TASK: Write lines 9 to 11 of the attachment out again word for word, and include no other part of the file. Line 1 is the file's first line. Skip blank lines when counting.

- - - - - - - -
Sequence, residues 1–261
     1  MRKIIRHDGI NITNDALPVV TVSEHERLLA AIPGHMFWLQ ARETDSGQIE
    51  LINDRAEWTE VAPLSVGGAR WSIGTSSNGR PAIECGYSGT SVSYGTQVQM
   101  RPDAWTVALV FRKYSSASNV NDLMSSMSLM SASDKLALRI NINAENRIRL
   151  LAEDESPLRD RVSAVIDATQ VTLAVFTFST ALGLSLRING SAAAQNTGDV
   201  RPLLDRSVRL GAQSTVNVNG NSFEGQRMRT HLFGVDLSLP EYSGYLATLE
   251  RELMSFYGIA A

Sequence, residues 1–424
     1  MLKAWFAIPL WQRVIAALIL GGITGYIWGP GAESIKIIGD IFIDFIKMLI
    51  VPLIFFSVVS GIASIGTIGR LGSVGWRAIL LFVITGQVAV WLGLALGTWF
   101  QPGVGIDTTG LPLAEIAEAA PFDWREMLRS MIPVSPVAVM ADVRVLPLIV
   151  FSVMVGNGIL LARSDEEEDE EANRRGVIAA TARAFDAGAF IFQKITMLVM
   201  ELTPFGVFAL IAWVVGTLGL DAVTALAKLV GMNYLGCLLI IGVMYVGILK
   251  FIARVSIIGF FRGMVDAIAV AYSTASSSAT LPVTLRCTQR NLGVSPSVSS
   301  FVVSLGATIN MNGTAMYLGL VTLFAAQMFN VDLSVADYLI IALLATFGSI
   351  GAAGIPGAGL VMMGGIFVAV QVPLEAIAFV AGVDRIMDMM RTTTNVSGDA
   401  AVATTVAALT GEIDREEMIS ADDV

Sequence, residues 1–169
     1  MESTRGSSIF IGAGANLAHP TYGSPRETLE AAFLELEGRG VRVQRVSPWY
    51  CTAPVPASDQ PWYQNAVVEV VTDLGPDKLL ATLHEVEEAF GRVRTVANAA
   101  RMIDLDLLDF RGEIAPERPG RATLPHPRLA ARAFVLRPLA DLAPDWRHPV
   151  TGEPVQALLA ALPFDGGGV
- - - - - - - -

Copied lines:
     1  MLKAWFAIPL WQRVIAALIL GGITGYIWGP GAESIKIIGD IFIDFIKMLI
    51  VPLIFFSVVS GIASIGTIGR LGSVGWRAIL LFVITGQVAV WLGLALGTWF
   101  QPGVGIDTTG LPLAEIAEAA PFDWREMLRS MIPVSPVAVM ADVRVLPLIV